What is a Lumbosacral (LS) spine MRI? 

Magnetic resonance imaging lumbosacral spine (MRI LS Spine) is a test that produces detailed images of the lumbar area (lower part of the spine), sacrum (base of the spine) and the coccyx (the tailbone). The test helps to identify or look for any problems in these areas of the spine.

Unlike an x-ray and CT scan machine, the MRI machine does not use any radiation. Instead, it uses a large magnet, radio waves and a computer for producing images of the internal structures of the body. During the scan, the magnets and radio waves align and realign the protons (parts of atoms) of the body in a particular way. This whole process is read by an attached computer, which uses the data to create images of the scanned area. 

An MRI is sometimes done with a contrast dye, injected into the patient’s body right before the scan, The dye binds with body tissues and helps provide clearer images.

  1. Why is a lumbosacral (LS) spine MRI done?
  2. Who cannot have a lumbosacral (LS) spine MRi?
  3. How should I prepare for a lumbosacral (LS) spine MRI?
  4. How is a lumbosacral (LS) spine MRI done?
  5. How will a lumbosacral (LS) spine MRI feel like?
  6. What do the results of a lumbosacral (LS) spine MRI mean?
  7. What are the risks and benefits of a lumbosacral (LS) spine MRI?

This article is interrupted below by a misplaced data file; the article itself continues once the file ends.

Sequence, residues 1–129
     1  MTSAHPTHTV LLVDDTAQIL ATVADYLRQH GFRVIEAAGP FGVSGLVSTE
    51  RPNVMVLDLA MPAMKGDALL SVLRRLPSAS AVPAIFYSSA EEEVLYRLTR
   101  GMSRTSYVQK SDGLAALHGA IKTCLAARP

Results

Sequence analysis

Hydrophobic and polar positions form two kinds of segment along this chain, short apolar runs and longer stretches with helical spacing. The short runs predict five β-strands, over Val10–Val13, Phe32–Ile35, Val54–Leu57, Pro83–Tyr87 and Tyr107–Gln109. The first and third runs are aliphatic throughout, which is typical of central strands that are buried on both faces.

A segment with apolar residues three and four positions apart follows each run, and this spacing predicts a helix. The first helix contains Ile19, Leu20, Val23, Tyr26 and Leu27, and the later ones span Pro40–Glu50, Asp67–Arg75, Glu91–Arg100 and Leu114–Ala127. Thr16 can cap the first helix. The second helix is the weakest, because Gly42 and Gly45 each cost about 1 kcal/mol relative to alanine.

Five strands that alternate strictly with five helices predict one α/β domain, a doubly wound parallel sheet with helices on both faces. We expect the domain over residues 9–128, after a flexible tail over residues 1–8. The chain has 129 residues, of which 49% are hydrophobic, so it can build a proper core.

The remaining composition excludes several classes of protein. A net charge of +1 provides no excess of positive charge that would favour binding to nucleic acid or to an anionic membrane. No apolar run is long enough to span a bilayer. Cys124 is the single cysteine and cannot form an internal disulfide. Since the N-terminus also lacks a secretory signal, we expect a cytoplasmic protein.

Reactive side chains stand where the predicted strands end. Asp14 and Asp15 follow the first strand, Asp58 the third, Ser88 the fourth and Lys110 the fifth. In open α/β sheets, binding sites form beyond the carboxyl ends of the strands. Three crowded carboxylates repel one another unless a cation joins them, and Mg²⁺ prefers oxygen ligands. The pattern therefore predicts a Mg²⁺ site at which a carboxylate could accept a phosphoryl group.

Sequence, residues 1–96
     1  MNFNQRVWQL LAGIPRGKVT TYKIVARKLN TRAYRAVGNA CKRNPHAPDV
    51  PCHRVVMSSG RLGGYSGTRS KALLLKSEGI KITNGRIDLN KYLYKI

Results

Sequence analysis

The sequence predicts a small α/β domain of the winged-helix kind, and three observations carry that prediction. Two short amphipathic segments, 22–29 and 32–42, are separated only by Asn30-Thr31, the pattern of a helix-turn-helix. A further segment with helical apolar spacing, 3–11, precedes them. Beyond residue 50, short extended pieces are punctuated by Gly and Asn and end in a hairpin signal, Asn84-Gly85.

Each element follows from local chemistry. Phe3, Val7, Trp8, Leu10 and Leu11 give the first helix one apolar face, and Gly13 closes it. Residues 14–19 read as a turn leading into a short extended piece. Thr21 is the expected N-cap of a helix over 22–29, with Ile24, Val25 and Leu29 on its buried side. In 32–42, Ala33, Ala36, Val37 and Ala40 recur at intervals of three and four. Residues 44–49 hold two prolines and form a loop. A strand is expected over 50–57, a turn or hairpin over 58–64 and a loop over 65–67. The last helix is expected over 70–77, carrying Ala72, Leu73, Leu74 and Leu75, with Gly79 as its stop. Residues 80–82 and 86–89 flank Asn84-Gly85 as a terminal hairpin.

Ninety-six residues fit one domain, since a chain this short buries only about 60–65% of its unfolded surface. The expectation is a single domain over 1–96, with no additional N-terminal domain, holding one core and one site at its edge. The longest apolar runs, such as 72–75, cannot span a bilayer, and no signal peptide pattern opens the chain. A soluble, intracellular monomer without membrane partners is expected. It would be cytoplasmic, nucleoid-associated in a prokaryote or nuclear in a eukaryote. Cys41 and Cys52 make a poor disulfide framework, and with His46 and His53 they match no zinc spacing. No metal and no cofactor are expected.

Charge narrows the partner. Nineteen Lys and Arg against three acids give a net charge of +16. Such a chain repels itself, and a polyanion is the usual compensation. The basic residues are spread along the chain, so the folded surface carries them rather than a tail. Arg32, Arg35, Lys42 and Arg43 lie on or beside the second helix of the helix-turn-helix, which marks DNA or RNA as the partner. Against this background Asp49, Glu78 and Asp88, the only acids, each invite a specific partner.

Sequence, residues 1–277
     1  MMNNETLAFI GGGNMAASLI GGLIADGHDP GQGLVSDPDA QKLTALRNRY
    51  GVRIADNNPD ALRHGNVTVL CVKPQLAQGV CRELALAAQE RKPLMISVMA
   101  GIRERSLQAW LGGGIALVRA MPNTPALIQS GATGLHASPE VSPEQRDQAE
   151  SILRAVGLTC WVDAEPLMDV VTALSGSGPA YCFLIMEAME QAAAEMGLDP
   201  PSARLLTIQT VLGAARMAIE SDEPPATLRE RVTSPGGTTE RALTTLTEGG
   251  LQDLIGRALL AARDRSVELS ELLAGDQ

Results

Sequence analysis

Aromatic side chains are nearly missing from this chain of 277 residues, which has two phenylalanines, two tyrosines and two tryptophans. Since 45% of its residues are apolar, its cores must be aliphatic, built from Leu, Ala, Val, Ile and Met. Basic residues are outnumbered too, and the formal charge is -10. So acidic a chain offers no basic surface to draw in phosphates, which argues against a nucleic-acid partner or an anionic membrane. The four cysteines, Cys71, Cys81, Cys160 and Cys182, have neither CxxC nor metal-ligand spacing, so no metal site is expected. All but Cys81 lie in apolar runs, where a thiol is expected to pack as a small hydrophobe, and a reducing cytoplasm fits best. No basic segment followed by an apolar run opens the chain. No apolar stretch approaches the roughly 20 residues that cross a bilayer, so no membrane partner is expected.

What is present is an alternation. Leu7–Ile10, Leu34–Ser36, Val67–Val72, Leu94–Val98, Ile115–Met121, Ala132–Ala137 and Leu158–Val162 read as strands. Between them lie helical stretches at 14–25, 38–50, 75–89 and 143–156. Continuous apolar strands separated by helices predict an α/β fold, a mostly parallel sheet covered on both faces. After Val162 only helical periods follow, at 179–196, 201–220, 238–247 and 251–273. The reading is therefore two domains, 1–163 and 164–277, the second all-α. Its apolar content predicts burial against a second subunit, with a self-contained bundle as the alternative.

8. What happens after a lumbosacral (LS) spine MRI?
  9. What are the other tests that can be done with a lumbosacral (LS) spine MRI?
Doctors for Lumbosacral spine MRI

Your healthcare practitioner may order this test if you have:

MRI LS scan with a contrast dye is especially used in the following conditions:

  • To differentiate causes of lower back pain and lumbar radiculopathy
  • To distinguish recurrent disc herniation after operation of spine
  • To show nerve roots in viral or inflammatory conditions
  • To detect tumours
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This test is very safe for most people. However, it may not be recommended in the following conditions:

  • If you have metal implants or fragments: It does not necessarily mean you cannot undergo the test. The final decision will be taken by the medical staff carrying out the scan. In some cases, it is possible to make metal implants, like pacemakers, MRI-safe.
  • If you have tattoos on your body: Most tattoos are safe, but some tattoo ink may contain traces of metal. Inform the radiography staff if you feel heat or discomfort in your tattoo during the scan.

Generally, you are not supposed to eat or drink for four to six hours before the scheduled time of the procedure. If you have a fear of closed spaces (claustrophobia), you may be given a sedative or anaesthesia that will help you feel sleepy or less anxious. 

Also, tell your healthcare provider or radiologist if you have:

  • Brain aneurysm clips
  • Pacemaker or heart defibrillator
  • Artificial heart valves
  • Cochlear (inner ear) implant
  • Artificial joints that have been placed recently
  • Vascular stents
  • Kidney disease/dialysis
  • Worked with sheet metal in the past

An MRI scan usually involves the following steps:

  • The radiography staff will ask you to remove all metal objects, such as a watch, jewellery and keys, before entering the scan room.